Can the transcendent social vision of the Revolution be squared with the transcendent spiritual vision of the Church? One of the Pope’s favorite quotations is from St. John of the Cross: “At the sunset of our lives, we shall be tested in love.” As Castro and John Paul consider what they will leave behind when darkness falls, these two masters of symbolism see great value in standing together against what both see, in different but overlapping ways, as the forces that threaten to undo the work of their lives. They believe, each for his own reasons, that this gesture may have a profound effect on the future of Cuba and of Latin America.
WhenI returned to Cuba, last month, I again accompanied the director of the Northeast Hispanic Catholic Center, but this time, in anticipation of the Pope’s visit, our group carried enough liturgical vessels, vestments, medals, and altar books to staff a parish. The Cuban customs official waved our cargo through with a smile.
John Paul the Great
By RICHARD JOHN NEUHAUS
IN the nearly two millennia of the Church's history, only two popes are known as "The Great": Leo the Great and Gregory the Great, in the fifth and sixth centuries respectively. I fully expect that in the not distant future John Paul II will regularly be referred to as John Paul the Great.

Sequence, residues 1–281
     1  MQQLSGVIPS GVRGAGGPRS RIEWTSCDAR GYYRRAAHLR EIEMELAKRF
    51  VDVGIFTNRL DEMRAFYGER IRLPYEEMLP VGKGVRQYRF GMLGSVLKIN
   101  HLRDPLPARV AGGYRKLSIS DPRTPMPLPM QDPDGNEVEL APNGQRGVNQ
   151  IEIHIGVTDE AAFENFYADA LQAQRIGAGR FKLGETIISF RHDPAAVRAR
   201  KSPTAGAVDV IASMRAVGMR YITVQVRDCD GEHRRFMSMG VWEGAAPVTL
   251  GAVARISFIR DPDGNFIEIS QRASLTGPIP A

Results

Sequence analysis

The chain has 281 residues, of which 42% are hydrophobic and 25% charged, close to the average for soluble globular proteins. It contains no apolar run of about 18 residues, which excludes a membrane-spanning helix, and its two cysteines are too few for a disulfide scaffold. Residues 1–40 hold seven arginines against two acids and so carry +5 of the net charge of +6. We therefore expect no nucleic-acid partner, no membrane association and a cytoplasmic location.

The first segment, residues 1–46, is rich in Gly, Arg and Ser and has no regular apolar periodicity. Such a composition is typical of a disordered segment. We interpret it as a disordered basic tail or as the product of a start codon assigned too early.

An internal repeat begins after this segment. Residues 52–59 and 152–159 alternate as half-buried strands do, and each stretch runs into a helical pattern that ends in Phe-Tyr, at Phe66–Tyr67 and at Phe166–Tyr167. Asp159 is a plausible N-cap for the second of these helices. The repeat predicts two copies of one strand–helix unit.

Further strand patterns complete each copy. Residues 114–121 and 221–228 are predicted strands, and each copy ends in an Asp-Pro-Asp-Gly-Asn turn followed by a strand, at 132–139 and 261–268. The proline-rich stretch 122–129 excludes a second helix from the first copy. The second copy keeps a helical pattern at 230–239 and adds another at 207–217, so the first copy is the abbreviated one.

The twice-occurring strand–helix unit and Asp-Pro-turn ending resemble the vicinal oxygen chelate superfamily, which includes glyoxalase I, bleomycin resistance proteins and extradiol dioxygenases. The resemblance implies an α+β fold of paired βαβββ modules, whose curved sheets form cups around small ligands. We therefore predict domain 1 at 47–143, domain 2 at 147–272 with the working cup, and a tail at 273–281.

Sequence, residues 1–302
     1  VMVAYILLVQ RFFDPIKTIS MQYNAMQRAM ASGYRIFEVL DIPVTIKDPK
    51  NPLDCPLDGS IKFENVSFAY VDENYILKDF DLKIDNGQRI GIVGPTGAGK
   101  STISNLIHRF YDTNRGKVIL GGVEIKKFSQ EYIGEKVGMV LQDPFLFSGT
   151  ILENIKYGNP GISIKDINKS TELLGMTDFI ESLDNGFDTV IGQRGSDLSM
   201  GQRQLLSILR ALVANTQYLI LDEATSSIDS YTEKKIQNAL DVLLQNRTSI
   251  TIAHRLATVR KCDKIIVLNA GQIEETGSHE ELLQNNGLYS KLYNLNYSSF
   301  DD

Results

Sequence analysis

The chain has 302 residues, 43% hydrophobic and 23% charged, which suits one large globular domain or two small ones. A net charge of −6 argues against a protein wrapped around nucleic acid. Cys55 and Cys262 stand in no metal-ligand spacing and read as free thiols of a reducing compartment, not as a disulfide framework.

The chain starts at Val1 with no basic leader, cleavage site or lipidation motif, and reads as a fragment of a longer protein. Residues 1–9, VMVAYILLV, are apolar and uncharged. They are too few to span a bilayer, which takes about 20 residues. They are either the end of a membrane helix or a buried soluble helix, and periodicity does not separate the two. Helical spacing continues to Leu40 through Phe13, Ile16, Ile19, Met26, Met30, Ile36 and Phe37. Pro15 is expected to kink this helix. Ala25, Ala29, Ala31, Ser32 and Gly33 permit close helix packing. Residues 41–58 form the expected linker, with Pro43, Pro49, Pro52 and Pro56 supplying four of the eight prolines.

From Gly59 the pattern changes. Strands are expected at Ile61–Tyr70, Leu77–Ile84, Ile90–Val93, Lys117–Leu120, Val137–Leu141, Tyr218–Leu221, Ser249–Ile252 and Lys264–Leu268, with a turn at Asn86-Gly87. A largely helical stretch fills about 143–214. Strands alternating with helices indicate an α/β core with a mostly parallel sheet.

That is not a controversial suggestion, although there is considerable controversy over the reasons why he is generally recognized as one of the greatest of the 264 successors to the apostle Peter — to whom Jesus said, speaking of his faith and his person, "You are Peter, and upon this rock I will build my Church."
Political historians will undoubtedly focus on John Paul's role in bringing down what it is no longer controversial to call the "evil empire" of Soviet communism. Having lived for years under Nazism and for many more years under communism, Karol Wojtyla, who would later become John Paul II, had no illusions about totalitarian tyranny.
He was among the few who was not taken in by the belief that the best we could hope for is "coexistence" between freedom and tyranny. That conviction was informed by his understanding of human dignity and the way in which we human beings are, so to speak, hard-wired for freedom and responsibility, both of which communism denied.
In his very first sermon after becoming pope, John Paul chose the theme, "Be not afraid." That was the greeting of the resurrected Jesus to his frightened disciples, and those words were repeated like a triphammer throughout the more than 26 years of John Paul's extraordinary pontificate.